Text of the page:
(Recasts with Q3 numbers)
JOHANNESBURG, July 24 (Reuters) - South African clothing and furniture retailer Pepkor Holdings said on Friday sales for its fiscal third quarter ended June 30 slumped 17.2% after its stores were shut for some of the period due to a COVID-19 lockdown.
Even before the global health crisis, South African brick-and-mortar retailers were struggling with weak consumer spending amid slowing wage growth, high utility costs and high unemployment. The pandemic has compounded these problems.
Pepkor’s third quarter coincided with the country’s lockdown from late March when only food and essential retailers were allowed to operate. The country partially lifted restrictions in May and again in June.
The owner of budget clothing retail chain Pep and Russels furniture chain said it probably lost 5 billion rand ($298 million) in revenue in April, when all stores were shut.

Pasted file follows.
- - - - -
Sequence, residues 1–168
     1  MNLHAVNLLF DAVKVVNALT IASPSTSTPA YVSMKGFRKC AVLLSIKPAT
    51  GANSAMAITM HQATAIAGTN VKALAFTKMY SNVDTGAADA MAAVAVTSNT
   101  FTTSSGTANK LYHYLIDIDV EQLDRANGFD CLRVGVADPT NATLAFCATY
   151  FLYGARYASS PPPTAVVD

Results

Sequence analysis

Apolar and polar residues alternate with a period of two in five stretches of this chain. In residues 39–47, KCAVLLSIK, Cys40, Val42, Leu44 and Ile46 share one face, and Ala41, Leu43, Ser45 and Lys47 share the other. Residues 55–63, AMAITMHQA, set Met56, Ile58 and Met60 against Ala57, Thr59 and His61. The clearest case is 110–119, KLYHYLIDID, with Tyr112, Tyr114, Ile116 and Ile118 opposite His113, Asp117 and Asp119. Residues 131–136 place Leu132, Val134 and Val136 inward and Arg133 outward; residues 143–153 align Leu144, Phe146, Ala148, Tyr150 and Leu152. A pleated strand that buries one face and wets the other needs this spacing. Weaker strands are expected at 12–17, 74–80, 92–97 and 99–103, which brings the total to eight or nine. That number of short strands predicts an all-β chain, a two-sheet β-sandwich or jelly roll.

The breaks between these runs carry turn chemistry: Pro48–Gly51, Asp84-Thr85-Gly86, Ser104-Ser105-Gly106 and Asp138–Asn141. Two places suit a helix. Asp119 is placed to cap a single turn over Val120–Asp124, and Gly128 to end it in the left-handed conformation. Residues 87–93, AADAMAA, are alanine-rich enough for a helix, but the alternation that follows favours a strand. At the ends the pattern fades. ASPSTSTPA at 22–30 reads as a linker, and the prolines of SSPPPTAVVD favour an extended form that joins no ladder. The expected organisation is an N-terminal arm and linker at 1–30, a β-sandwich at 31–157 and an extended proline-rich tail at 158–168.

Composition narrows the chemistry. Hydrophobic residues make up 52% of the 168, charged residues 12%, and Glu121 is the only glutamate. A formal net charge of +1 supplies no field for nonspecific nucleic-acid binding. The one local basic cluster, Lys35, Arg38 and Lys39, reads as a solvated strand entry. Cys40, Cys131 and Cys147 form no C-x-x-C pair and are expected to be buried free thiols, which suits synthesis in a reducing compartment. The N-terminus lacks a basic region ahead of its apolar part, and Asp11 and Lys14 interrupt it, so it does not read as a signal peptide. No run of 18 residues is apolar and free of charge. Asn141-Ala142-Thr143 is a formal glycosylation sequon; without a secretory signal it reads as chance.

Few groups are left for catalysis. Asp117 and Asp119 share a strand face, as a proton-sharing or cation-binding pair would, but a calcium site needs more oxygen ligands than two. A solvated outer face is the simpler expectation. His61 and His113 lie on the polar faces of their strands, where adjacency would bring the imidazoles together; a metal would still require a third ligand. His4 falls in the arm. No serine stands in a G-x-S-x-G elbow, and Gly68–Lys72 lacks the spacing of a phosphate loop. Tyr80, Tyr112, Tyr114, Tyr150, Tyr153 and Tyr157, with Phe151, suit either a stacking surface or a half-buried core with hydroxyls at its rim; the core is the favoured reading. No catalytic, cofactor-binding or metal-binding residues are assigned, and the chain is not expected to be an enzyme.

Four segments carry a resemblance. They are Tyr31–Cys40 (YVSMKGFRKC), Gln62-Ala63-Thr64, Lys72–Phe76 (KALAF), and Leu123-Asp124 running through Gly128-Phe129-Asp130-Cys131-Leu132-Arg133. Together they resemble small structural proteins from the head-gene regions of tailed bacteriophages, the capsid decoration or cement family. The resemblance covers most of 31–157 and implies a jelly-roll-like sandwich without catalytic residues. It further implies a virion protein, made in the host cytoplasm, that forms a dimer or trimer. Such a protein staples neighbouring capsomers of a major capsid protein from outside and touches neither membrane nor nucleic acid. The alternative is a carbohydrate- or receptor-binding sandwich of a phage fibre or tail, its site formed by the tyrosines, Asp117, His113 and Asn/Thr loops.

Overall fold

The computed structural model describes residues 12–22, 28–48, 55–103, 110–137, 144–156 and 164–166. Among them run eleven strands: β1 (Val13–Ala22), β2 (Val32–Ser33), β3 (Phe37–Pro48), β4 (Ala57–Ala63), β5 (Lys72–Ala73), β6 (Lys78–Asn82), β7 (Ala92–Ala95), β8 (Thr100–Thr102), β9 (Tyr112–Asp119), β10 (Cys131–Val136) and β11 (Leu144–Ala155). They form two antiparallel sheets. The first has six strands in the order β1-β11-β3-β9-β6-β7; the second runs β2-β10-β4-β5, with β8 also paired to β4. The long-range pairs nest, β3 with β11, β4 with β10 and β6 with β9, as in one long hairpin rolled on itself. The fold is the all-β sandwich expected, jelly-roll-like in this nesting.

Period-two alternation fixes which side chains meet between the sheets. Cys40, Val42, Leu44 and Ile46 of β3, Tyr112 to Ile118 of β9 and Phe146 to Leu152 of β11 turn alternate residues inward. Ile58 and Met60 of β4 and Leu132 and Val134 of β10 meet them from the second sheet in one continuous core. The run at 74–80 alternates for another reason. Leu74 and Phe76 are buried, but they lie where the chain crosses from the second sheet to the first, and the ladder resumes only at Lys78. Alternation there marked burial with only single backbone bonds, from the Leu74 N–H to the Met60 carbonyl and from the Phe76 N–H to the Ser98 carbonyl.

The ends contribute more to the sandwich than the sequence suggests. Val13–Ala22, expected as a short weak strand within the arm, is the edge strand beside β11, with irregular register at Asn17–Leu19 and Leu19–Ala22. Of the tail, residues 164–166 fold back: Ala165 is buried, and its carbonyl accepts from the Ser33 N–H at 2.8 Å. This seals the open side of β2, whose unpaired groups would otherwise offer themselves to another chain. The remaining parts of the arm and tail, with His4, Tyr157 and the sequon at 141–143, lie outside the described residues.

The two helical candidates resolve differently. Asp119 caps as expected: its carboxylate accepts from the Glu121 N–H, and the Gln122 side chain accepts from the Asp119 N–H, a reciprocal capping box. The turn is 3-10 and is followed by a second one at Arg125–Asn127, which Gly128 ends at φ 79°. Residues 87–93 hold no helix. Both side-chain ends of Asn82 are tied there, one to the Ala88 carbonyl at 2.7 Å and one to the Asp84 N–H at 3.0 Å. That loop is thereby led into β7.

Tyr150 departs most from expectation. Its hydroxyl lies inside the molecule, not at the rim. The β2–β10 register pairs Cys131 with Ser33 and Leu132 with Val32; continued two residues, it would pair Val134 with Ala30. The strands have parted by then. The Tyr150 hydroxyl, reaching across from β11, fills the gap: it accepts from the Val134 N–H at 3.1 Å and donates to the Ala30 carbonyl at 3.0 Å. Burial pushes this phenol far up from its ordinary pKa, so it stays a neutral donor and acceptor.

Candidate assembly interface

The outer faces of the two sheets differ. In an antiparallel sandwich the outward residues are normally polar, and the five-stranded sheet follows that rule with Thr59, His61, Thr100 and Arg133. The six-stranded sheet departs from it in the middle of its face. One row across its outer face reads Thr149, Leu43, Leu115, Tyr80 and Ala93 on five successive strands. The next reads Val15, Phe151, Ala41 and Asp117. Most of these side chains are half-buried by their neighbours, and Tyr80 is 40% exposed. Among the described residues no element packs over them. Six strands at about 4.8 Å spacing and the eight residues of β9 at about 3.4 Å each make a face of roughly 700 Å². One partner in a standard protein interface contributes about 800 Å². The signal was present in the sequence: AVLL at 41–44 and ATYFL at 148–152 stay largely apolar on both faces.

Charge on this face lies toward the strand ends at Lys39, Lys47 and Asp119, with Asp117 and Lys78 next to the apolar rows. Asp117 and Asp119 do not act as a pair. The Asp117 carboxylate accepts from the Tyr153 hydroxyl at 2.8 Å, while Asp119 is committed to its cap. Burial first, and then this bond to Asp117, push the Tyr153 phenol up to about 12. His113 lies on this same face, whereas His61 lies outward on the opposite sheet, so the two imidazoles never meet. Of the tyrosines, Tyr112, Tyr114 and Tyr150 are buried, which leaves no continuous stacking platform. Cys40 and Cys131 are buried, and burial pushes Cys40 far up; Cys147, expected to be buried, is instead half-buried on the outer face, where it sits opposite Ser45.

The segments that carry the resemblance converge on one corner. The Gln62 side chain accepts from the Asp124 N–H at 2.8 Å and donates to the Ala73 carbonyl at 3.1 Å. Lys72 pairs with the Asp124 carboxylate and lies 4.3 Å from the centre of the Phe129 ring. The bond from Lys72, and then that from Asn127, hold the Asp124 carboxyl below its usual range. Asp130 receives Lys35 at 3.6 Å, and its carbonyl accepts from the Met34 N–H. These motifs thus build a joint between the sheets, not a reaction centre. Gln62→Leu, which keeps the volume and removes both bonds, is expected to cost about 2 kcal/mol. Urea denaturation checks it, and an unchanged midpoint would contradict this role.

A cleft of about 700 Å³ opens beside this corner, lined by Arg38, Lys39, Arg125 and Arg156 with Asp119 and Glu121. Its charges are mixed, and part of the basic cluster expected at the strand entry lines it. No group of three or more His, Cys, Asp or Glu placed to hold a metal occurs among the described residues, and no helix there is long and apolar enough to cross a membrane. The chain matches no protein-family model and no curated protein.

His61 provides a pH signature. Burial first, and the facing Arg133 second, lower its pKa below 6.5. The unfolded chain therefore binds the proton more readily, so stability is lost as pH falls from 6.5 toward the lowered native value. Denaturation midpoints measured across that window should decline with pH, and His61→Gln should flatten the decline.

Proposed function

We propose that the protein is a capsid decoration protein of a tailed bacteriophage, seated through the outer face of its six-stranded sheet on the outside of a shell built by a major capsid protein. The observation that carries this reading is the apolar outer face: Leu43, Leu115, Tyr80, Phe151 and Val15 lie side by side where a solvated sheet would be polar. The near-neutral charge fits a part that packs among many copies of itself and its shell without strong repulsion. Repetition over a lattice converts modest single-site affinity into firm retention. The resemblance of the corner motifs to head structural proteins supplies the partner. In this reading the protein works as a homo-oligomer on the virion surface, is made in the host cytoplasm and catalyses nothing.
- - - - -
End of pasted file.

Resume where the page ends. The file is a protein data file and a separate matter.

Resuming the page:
Sales in the clothing and general merchandise business, which generates 65% of revenue, tumbled 15.9% in the quarter, partly impacted by weak back-to-school trading as many schools have been closed since the lockdown began.
The stores were allowed to sell winter and baby clothes in May and traded fully from June. This benefited Pep and budget clothing retailer Ackermans.
“Very strong trade was achieved during May and June 2020 as lockdown measures eased and can be attributed to pent-up demand, social grant payments as well as the value propositions the group’s brands,” Pepkor, a subsidiary of Steinhoff International , said.
However, the firm said it was expecting a constrained retail environment over the next 18 months.
The furniture, appliances and electronics, and building materials businesses were only allowed to trade fully from June. Sales there fell 21.8% and 41.9% respectively.
Overall sales for the nine-months ended June 30 dipped 1.5% to 52.3 billion rand.
Earlier on Friday, higher-end department stores chain Woolworths Holdings flagged a small fall in annual sales due to the lockdown.
$1 = 16.7224 rand Reporting by Nqobile Dludla; Editing by Mark Potter